Does Medicare Cover Dental Procedures

A lot of people entering retirement wonder about their healthcare options and amount of coverage provided once they leave their employer coverage. Retirees wonder what types of health insurance coverage are available and what procedures are covered.

Medicare, the national health insurance program in the United States, does not generally cover most dental procedures. Medicare Part A (hospital insurance) may cover certain dental services that are medically necessary and provided during a hospital stay, such as surgery to prepare for radiation treatment for the head and neck. However, routine dental care, such as cleanings, fillings, and extractions, are not covered under Medicare Part A.

Medicare Part B (medical insurance) also does not cover routine dental care. However, it may cover certain dental services that are medically necessary, such as dental treatment that is required as a result of a medical condition or injury. For example, Medicare may cover the cost of dentures if they are needed due to a medical condition, such as cancer or HIV/AIDS.

If you have Medicare and need dental care, you may want to consider purchasing a private dental insurance plan or a Medicare Advantage plan that includes dental coverage. You can also check with dental schools or clinics in your area, as they may offer discounted rates for dental services.

Medicare does not consider certain treatments to be “medically necessary” the same way most people do. Learning your options and available resources will help tremendously if you need dental care in retirement.

Routine Dental Care and Medicare Coverage

Routine dental care is one of the most common forms of dental attention seniors get. However, Medicare generally doesn’t cover routine dental visits, because they aren’t considered medically necessary.

Under Medicare, root canals and extractions are not medically necessary, either. This means Medicare usually won’t cover them. Dentures are also not commonly covered under Medicare.

Medically Necessary Dental Care and Medicare

Even though Medicare doesn’t normally cover routine dental care, it does provide coverage for some dental procedures under certain conditions. For example, Medicare might cover a dental exam before an organ transplant. This is because oral health can affect surgery and recovery for transplant patients.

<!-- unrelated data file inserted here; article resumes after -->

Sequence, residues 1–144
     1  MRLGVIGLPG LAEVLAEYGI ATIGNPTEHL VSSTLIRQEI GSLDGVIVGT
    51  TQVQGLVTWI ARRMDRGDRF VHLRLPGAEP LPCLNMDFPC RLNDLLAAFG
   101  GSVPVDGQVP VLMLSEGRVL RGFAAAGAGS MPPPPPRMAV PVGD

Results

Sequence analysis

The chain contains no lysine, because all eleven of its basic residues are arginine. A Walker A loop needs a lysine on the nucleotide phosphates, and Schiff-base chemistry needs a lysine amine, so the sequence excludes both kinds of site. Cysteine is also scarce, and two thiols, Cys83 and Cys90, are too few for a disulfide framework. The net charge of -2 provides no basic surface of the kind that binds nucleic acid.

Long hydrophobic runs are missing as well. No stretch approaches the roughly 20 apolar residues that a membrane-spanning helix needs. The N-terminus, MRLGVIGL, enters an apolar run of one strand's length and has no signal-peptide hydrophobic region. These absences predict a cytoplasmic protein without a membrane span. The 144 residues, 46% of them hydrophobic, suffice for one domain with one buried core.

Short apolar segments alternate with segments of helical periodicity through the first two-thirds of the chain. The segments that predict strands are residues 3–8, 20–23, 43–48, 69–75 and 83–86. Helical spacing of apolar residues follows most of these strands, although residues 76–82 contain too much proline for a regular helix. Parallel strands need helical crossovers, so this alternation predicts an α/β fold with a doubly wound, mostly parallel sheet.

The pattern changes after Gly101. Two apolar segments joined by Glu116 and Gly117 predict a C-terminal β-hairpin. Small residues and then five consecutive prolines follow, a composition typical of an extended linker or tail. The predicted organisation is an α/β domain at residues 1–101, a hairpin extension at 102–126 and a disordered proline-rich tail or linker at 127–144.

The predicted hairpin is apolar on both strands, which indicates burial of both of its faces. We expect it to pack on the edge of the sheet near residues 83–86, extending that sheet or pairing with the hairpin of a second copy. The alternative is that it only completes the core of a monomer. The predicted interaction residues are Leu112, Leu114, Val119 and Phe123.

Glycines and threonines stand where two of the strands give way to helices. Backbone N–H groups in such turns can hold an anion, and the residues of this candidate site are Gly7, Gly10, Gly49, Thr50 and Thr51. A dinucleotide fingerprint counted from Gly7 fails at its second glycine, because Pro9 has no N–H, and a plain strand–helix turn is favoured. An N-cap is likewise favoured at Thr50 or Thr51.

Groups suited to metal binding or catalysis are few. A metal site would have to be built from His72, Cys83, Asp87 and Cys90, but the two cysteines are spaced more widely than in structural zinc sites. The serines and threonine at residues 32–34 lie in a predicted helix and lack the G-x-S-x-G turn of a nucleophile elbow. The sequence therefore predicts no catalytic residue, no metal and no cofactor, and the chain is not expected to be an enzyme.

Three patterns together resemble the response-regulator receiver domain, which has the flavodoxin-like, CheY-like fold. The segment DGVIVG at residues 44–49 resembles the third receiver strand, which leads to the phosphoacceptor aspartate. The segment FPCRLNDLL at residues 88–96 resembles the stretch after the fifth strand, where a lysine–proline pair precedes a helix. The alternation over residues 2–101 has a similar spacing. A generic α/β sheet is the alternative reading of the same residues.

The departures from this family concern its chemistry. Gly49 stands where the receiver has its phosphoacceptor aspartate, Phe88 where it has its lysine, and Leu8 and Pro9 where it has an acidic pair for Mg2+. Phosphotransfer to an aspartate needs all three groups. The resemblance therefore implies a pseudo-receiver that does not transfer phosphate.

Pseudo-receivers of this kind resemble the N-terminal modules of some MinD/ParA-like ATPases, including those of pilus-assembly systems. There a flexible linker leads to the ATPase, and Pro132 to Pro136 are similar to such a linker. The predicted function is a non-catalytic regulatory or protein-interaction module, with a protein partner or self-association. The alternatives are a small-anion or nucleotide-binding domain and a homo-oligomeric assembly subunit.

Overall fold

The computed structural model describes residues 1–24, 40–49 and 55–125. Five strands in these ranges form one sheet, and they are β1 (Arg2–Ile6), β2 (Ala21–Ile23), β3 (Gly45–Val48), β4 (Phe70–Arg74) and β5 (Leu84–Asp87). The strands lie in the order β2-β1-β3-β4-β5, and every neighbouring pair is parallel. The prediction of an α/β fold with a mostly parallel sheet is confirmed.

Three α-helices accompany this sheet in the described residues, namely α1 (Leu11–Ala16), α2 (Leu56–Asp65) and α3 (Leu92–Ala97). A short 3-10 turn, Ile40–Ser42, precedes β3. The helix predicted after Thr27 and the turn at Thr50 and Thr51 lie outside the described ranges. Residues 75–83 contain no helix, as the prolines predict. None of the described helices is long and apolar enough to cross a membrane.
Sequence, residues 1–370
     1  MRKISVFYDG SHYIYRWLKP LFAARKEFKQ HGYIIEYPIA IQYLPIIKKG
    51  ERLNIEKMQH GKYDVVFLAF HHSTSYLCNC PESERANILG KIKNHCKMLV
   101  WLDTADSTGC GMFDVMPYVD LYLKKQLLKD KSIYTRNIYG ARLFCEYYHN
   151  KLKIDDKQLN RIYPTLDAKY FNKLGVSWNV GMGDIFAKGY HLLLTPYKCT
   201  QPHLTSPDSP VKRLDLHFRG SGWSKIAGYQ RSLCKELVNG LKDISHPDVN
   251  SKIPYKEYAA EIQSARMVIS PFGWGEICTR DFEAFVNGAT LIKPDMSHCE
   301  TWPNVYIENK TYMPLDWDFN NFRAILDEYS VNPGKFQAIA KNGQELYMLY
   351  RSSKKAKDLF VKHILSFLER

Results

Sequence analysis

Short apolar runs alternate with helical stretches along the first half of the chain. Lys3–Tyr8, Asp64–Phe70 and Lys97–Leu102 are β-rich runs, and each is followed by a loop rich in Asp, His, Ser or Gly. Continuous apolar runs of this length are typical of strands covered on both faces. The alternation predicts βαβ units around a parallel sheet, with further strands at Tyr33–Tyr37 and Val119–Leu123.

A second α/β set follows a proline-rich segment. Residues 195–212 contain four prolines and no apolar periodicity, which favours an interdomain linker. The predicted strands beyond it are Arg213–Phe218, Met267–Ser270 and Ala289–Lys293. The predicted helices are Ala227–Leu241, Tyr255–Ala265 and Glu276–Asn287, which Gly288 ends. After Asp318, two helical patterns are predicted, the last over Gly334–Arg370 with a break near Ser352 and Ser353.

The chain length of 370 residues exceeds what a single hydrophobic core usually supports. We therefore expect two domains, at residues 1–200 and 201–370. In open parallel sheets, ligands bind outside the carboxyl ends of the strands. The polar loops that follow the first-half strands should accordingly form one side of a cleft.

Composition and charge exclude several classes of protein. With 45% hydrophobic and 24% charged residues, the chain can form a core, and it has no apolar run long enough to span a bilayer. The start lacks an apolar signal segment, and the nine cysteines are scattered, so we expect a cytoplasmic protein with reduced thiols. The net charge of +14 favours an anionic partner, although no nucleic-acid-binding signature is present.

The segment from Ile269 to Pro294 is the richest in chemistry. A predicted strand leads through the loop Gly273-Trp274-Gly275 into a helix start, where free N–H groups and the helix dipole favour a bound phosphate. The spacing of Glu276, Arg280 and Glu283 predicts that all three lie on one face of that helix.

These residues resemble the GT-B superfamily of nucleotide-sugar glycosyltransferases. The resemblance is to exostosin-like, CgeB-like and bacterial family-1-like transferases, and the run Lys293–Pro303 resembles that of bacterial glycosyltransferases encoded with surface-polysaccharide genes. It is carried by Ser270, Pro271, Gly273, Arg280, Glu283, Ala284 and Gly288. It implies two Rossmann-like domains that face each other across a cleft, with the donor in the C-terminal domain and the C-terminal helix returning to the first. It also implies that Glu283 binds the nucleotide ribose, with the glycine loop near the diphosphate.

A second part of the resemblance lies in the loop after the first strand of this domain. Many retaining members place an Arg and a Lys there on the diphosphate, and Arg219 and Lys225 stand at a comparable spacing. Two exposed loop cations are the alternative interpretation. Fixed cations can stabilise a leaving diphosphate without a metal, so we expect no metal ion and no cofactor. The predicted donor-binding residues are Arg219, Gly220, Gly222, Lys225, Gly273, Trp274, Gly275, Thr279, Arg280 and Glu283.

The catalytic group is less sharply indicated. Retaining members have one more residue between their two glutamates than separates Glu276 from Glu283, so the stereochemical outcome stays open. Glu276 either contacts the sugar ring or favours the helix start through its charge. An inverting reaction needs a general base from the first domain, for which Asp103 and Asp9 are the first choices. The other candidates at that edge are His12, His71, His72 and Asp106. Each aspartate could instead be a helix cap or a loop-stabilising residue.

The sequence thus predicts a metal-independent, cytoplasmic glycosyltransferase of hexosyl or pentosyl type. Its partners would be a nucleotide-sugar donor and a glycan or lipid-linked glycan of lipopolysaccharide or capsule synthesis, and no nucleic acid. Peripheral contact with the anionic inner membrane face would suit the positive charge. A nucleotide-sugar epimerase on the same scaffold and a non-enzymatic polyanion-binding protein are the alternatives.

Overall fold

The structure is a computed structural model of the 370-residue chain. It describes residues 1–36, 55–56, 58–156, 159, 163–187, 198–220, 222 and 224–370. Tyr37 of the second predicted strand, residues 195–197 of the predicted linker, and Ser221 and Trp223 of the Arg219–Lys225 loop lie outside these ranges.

Dental Care and Medicare Coverage for Family

Medicare may provide coverage for dental care if you have a broken jaw. Medicare will pay for medically necessary dental care during your surgery, but nothing that isn’t required for the overall surgery.

Medicare will also provide coverage for dental care if it is essential to treat a certain health condition. Oral cancer is just one example of a health condition where dental care may be covered.

Part B covers 80 percent of your doctor services, while Part A covers any in-patient hospital stays you might have.

Dental Coverage Outside of Original Medicare

The Centers for Medicare and Medicaid Services (CMS) allow Medicare Advantage plans to offer some additional benefits to their enrolls that Original Medicare doesn’t cover, such as dental care. A lot of Medicare Advantage plans offer dental coverage for fillings, cleanings and even dentures.

Beneficiaries need to keep in mind that there are advantages and disadvantages to enrolling in a Medicare Advantage plan. You shouldn’t just enroll in a Medicare Advantage plan for dental coverage, but consider each plan in relation to your overall health needs.

Stand alone dental plans are another option for dental coverage outside of Original Medicare. These types of plans come with an extra premium and usually include family coverage options as well. There are even stand-alone plans that offer vision, dental and hearing benefits in one insurance plan.

Final Thoughts

Medicare typically doesn’t cover dental care. However, there are some other dental insurance options available to Americans approaching age 65. A Medicare broker can help you find the coverage that works best for you and your family. Find this post interesting? Subscribe to follow our website for more health related topic.

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